State proposes ban on riding bikes past Capitol
Planning officials in Richmond are urging the state to reconsider a plan to bar riding a bike in front of the Capitol on Bank Street.
State officials floated the idea, which calls for cyclists to dismount upon entering the area, as part of plans to convert the area into a permanent “promenade/bus way.”
“This is a critical connection in the city’s bike network,” said Planning Commissioner Max Hepp-Buchanan, who said Bank Street offers the only safe east-west route for bikes through downtown Richmond and noted city bike lanes feed into the street on either side of the Capitol.
The road also offers connections to the Capitol Trail, a bike and pedestrian path between Richmond and Williamsburg, and is designated as an official U.S. bike route.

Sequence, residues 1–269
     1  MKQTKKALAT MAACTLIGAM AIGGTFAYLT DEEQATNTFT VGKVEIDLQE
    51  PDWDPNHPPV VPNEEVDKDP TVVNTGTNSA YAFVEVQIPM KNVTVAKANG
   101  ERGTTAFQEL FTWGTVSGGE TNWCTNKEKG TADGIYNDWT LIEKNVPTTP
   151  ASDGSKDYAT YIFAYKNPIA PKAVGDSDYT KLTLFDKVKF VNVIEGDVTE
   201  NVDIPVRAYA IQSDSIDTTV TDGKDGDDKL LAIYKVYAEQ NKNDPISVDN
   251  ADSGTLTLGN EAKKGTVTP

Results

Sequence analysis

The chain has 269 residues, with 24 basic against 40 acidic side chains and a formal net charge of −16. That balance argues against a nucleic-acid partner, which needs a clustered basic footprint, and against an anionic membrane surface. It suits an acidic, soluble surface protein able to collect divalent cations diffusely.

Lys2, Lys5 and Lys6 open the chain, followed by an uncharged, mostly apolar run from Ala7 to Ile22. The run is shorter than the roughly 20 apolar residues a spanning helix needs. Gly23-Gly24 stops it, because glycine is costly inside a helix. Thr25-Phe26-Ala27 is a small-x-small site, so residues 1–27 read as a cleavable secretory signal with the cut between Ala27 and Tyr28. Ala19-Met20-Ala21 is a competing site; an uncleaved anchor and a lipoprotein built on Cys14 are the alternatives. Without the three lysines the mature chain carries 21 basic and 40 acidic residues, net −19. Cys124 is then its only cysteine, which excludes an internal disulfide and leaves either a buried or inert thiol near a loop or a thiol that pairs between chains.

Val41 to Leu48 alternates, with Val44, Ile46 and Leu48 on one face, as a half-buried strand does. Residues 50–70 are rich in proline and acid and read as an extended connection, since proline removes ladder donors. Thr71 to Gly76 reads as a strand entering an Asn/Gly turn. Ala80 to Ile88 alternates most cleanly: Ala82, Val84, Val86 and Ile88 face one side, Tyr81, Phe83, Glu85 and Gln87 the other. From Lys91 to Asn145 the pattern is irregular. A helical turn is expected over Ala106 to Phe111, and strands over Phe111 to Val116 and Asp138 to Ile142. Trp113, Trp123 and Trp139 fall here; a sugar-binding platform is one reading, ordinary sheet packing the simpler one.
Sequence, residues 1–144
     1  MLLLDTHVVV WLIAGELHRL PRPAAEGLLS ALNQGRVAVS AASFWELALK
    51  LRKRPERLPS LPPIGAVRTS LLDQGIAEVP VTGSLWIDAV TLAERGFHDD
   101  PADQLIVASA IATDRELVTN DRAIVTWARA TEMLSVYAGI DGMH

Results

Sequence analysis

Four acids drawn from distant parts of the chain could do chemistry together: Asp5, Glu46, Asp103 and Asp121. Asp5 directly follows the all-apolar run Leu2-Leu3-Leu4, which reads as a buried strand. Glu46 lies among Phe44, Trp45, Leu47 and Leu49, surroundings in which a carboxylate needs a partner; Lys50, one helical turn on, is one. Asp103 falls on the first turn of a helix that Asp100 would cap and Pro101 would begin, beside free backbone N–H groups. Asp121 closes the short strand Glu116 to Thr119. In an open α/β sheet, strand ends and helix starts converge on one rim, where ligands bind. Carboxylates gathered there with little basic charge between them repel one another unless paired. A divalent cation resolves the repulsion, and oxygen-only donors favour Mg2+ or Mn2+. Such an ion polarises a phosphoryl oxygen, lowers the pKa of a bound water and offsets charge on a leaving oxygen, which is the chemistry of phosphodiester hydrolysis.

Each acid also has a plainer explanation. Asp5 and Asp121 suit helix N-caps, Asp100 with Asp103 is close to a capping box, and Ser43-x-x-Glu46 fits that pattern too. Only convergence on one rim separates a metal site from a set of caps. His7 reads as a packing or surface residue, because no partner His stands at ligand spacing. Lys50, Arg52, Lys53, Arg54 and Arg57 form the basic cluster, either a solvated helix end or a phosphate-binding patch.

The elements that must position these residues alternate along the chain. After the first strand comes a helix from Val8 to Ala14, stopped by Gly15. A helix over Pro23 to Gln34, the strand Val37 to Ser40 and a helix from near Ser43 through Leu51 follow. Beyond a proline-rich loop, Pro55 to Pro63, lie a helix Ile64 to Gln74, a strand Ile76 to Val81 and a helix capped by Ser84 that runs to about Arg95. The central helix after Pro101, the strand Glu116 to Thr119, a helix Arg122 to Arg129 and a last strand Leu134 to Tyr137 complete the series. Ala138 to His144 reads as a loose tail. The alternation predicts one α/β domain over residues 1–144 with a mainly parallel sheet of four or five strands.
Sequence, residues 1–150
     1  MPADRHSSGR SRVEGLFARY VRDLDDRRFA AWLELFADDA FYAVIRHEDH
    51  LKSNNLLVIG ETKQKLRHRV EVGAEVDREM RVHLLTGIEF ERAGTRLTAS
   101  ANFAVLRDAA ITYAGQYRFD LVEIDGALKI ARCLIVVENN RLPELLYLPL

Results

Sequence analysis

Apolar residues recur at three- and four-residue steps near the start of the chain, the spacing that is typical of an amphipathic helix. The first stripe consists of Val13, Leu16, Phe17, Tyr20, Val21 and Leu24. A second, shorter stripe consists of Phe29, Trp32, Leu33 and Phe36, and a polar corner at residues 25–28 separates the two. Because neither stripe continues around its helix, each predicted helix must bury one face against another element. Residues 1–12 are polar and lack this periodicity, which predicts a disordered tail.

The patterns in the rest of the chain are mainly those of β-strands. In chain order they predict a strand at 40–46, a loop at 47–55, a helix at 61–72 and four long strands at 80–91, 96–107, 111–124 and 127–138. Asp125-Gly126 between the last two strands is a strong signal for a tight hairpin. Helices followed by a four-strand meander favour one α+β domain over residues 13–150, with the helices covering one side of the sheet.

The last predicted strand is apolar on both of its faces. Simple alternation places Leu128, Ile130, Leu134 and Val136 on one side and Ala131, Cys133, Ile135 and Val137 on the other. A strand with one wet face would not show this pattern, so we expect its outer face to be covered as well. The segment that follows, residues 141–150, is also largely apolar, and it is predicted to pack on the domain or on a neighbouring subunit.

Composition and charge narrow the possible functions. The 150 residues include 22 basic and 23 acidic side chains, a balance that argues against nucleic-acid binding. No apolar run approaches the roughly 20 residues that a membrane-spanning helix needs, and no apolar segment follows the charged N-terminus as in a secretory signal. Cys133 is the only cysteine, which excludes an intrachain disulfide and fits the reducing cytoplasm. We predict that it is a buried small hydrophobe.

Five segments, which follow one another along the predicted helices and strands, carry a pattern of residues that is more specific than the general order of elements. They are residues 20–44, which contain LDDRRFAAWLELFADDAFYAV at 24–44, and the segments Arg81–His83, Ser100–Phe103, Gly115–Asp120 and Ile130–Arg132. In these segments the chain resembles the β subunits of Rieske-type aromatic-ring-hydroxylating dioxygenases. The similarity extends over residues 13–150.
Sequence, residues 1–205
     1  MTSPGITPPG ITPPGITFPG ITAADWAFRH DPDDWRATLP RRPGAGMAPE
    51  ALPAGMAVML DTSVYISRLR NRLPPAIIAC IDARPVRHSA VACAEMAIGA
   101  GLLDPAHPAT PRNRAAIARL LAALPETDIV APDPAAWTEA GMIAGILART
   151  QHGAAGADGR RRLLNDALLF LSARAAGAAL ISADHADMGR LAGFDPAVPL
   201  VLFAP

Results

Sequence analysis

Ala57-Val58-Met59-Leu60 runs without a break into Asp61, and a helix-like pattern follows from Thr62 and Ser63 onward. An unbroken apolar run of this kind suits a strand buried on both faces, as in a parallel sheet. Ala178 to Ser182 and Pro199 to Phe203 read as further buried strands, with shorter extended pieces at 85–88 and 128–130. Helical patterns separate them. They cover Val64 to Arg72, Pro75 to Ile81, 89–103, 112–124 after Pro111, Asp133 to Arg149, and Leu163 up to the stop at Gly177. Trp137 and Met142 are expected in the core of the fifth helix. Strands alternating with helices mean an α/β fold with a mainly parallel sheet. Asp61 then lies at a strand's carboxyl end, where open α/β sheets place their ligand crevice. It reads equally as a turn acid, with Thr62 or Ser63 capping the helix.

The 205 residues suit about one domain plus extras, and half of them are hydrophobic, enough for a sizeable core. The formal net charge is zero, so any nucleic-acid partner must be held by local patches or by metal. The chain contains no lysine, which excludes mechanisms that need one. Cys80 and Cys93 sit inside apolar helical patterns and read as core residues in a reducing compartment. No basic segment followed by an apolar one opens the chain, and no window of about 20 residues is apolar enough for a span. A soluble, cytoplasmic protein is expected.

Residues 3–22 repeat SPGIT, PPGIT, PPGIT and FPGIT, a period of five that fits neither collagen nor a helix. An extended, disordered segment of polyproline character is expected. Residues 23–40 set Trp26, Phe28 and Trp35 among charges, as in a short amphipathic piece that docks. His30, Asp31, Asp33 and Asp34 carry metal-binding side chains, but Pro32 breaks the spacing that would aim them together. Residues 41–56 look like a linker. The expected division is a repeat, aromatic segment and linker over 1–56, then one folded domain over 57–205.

The Virginia Department of General Services presented the plan earlier this week to the commission, which is reviewing a local ordinance that would permanently transfer city ownership of the street to the state.
Multiple members wondered why the city hadn’t negotiated an easement guaranteeing pedestrian and bicycle access. City administrators said it was not a condition they pursued but that they trusted the state to maintain access to the area.
A representative of the Virginia Attorney General’s Office, meanwhile, gently reminded the commission that they had no say in the matter because the General Assembly passed legislation requiring the city to give the street to the state.
Department of General Services Director Joe Damico defended the proposed dismount area as a sensible safety measure, noting that he had occasionally seen near-collisions between bicycles and pedestrians in the area.
The Virginia Mercury is a new, nonpartisan, nonprofit news organization covering Virginia government and policy.
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